JLL Q4 Phoenix Industrial Report Highlights:
- – 2017 recorded the largest annual net absorption gains in Phoenix history.
- – This marks the fourth consecutive year of annual net absorption totaling 6-million square feet or more, not seen since 2004-2007.
- – Total vacancy fell to 7.6 percent, the lowest rate in 10 years.
- – Asking rates increased 4.2 percent year-over-year, with no signs of growth slowing in the near future.
In 2017, the Phoenix industrial market achieved its largest annual net absorption gain in market history, reaching 9.8 million square feet by year end and marking the fourth consecutive year of annual net absorption totaling 6.0 million square feet or more – a feat not reached since 2004 to 2007 – according to the Q4 2017 JLL Phoenix Industrial Market Insight report.
These benchmarks were accompanied by other highly positive market factors including annual rent growth of 4.2 percent and a drop to 7.6 percent in overall vacancy, the lowest in 10 years. And the industrial market shows no sign of slowing.
“This is an exciting time for industrial real estate in Phoenix,” said JLL Vice President Riley Gilbert. “We’re seeing well-rounded activity across the board, from smaller and mid-size industrial users to big box distribution. And all submarkets throughout the Valley are active with demand from a variety of industries.”
Unlike previous cycles, which relied heavily on the homebuilding industry, the JLL report notes that demand and risk in the current Phoenix industrial market is now spread across a diverse range of growing sectors. Some of the most active of these are e-commerce, food and beverage, logistics services and manufacturing, with growth being generated among companies with footprints already in Phoenix and from new users entering the market.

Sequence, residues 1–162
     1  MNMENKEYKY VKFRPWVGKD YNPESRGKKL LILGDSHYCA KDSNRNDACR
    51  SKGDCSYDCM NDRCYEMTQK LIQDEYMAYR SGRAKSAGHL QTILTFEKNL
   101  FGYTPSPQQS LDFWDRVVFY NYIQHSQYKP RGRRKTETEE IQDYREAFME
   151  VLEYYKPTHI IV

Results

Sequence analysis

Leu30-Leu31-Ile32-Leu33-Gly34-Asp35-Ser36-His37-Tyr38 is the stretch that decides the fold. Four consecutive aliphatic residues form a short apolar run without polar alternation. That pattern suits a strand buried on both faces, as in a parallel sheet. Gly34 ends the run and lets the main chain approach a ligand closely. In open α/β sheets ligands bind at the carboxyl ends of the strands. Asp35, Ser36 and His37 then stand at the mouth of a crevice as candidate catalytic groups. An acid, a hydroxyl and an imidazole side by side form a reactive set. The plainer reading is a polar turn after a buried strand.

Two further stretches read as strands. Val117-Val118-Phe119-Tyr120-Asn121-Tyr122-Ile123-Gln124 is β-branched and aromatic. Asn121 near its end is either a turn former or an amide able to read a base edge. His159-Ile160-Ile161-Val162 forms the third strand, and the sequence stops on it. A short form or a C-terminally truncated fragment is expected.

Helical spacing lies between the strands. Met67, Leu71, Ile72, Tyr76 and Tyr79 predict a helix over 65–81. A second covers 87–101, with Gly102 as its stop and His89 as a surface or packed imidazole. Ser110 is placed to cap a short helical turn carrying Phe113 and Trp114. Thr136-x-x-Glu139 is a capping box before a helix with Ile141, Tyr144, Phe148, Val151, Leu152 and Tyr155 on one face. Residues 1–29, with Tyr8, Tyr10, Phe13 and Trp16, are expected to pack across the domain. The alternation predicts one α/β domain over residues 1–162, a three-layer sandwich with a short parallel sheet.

According to JLL, 2018 could exceed 10-million square feet of net absorption along with an increase in speculative development to meet unprecedented demand.
“In the Southeast Valley alone, we expect to see 500,000 to 700,000 square feet of new product break ground this year,” said JLL Senior Vice President Steve Larsen. “This space will provide modern amenities to meet the high demand from technology and advanced manufacturing users in this area. We’re also seeing a notable level of activity from pharmaceutical users.”
With developers more cautious and less willing to gamble on speculative projects, Phoenix has avoided the overbuilding that resulted in one of the highest vacancy rates in the country by 2010. Today, vacancy sits at its lowest rate since 2007, falling 140 basis points this year alone. Additionally, rates are still below the previous peak of $0.58 p.s.f. reached in 2008.
Despite the many milestones that the Phoenix industrial market has reached during the current expansionary period, it’s hard not to fear a bust following the boom –especially for those who remember how the last cycle ended. However, everyone is bracing for an impact that doesn’t seem to be coming. With vacancy continuing to decline, absorption outpacing construction and rate growth holding steady, there haven’t been any signs of a slowdown.